Holocaust Survivor Killed In Virginia Tech Shootings Trying To Save Students
Tuesday, April 17th 2007, 4:58 pm
News On 6
JERUSALEM (AP) _ Liviu Librescu survived the Nazi Holocaust. He died trying to keep a gunman from shooting his students in a killing spree at Virginia Tech _ a heroic feat later recounted in e-mails from students to his wife.
Librescu, an aeronautics engineer and teacher at the school for 20 years, saved the lives of several students by using his body to barricade a classroom door before he was gunned down in Monday's massacre, which coincided with Holocaust Remembrance Day.
His son, Joe Librescu, The Associated Press on Tuesday that his mother received e-mails from students shortly after learning of her husband's death.
``My father blocked the doorway with his body and asked the students to flee,'' Joe Librescu said in a telephone interview from his home outside of Tel Aviv. ``Students started opening windows and jumping out.''
The gunman, identified as 23-year-old Cho Seung-Hui, an English major and native of South Korea, killed 32 people before committing suicide, officials said, in what was the deadliest shooting rampage in modern U.S. history.
Librescu, 76, had known hardship since his childhood.
When Romania joined forces with Nazi Germany in World War II, he was first interned at a labor camp in Transnistria and then deported along with his family and thousands of other Jews to a ghetto in the Romanian city of Focsani, his son said.
According to a report compiled by the Romanian government in 2004, between 280,000 and 380,000 Jews were killed by Romania's Nazi-allied regime during the war.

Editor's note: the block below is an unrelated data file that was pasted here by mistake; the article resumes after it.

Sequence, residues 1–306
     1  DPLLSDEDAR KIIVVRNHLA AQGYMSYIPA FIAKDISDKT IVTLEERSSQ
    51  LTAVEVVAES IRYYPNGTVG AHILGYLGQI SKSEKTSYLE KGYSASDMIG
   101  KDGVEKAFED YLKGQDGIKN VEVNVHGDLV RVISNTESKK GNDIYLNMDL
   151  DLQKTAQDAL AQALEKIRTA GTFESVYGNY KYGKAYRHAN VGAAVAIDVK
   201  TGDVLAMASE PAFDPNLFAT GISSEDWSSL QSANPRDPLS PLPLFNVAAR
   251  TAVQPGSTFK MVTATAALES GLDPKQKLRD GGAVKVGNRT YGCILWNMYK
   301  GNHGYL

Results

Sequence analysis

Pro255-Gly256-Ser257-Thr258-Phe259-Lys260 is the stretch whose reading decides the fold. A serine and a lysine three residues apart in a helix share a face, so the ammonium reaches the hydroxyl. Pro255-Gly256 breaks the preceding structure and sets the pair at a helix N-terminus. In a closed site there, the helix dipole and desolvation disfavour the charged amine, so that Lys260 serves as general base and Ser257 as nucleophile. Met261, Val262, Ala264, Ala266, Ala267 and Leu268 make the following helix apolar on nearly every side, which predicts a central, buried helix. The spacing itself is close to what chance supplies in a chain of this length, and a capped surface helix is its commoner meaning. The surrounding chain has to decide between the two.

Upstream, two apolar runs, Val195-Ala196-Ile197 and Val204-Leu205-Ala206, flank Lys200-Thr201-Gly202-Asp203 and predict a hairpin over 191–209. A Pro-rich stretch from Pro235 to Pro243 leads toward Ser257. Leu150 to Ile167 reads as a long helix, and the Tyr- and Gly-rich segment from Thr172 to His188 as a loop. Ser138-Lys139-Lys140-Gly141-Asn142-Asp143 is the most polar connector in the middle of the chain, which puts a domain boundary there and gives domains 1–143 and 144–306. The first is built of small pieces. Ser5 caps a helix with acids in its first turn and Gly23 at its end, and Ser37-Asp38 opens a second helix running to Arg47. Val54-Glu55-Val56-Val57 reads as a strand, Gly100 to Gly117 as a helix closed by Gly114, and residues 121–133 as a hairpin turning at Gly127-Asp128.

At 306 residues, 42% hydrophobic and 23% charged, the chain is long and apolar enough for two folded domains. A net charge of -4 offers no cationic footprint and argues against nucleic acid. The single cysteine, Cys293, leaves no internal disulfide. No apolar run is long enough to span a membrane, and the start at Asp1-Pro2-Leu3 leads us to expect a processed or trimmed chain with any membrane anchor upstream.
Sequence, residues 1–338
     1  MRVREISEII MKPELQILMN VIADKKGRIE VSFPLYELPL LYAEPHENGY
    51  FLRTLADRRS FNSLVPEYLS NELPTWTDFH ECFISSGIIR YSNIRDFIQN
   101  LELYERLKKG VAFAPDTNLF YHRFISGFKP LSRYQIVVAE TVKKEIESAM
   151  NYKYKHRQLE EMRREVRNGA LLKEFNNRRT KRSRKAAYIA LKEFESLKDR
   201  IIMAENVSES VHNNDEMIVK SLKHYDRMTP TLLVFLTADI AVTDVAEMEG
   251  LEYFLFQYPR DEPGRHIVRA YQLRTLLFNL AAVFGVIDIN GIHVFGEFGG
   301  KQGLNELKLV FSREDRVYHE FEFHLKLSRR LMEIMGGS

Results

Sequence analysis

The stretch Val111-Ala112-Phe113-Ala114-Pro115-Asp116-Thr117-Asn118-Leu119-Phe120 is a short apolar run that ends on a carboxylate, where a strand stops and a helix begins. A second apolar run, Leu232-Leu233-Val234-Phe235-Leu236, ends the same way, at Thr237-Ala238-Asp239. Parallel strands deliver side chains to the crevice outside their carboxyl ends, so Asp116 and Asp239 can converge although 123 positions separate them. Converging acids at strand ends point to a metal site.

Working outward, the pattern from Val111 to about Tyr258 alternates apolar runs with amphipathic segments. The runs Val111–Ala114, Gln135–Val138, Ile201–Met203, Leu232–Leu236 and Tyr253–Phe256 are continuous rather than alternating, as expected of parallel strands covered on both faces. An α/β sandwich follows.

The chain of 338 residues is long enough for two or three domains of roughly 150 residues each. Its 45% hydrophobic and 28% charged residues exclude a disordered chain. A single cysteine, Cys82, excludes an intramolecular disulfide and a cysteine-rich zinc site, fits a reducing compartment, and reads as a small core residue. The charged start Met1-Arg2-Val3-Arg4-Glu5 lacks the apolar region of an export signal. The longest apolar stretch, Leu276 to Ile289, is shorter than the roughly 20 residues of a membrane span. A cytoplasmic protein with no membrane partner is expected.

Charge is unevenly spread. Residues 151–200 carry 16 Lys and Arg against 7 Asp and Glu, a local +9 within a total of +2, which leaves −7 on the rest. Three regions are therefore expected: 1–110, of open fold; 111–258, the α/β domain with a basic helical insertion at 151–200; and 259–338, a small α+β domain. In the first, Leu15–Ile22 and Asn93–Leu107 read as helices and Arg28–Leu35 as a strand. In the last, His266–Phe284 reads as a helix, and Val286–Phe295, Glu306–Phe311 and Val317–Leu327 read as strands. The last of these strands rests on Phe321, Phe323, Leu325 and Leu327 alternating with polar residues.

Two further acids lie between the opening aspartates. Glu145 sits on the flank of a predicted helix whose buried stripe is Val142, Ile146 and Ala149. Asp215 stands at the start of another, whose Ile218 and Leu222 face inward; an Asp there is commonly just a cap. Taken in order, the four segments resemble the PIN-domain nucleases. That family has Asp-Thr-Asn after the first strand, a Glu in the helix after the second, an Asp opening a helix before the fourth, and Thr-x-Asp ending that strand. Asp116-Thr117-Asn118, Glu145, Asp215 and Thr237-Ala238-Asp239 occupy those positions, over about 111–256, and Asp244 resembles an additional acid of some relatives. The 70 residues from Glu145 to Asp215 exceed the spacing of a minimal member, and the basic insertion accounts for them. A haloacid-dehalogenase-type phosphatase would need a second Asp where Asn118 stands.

``We were in Romania during the Second World War, and we were Jews there among the Germans, and among the anti-Semitic Romanians,'' Marlena Librescu told Israeli Channel 10 TV on Tuesday.
After the war, Librescu became a successful engineer under the postwar communist government and worked at Romania's aerospace agency. But his career was stymied in the 1970s because he refused to swear allegiance to dictator Nicolae Ceausescu's regime, his son said, and he was later fired when he requested permission to move to Israel.
After years of government refusal, according to his son, Israeli Prime Minister Menachem Begin personally intervened to get the family an emigration permit. They moved to Israel in 1978.
Librescu left Israel for Virginia in 1985 for a year sabbatical, but eventually made the move permanent, said Joe Librescu, who himself studied at Virginia Tech from 1989-1994. The elder Librescu, who was an engineering and math lecturer at the school, published extensively and received numerous awards for his work.
``His work was his life in a sense,'' his son said.
In Romania, the academic community mourned Librescu's death.
``It is a great loss,'' said Ecaterina Andronescu, rector of the Polytechnic University in Bucharest, where Librescu graduated in 1953. ``We have immense consideration for the way he reacted and defended his students with his life.''
At the university, where Librescu received an honorary degree in 2000, his picture was placed on a table and a candle was lit. People lay flowers nearby.
Professor Nicolae Serban Tomescu described Librescu as ``strong and dignified.''
``He had a huge affection for his students and he sacrificed his life for them,'' Tomescu told AP Television News.
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